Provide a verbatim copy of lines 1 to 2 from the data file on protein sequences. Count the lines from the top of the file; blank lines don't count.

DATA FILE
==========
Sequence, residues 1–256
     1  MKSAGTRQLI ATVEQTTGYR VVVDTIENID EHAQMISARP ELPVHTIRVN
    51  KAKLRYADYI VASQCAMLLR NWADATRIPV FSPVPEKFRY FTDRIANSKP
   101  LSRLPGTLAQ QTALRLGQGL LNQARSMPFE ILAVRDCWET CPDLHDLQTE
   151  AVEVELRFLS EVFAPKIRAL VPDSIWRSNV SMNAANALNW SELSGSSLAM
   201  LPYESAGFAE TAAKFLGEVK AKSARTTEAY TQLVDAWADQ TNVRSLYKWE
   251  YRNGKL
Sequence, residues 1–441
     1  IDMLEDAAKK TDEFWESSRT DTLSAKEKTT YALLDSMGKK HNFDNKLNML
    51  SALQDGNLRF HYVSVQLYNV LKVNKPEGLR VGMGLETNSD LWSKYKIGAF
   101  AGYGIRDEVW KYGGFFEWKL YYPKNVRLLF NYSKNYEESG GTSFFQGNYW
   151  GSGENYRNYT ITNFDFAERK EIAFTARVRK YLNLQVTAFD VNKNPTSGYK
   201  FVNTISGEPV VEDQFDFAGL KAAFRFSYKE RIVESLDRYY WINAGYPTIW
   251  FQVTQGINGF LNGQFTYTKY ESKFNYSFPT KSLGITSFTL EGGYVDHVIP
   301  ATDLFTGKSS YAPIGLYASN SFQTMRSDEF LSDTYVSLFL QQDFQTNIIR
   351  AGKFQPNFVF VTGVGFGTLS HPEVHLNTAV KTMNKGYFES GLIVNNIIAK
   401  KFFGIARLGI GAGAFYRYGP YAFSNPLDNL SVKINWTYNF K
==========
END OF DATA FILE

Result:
Sequence, residues 1–256
     1  MKSAGTRQLI ATVEQTTGYR VVVDTIENID EHAQMISARP ELPVHTIRVN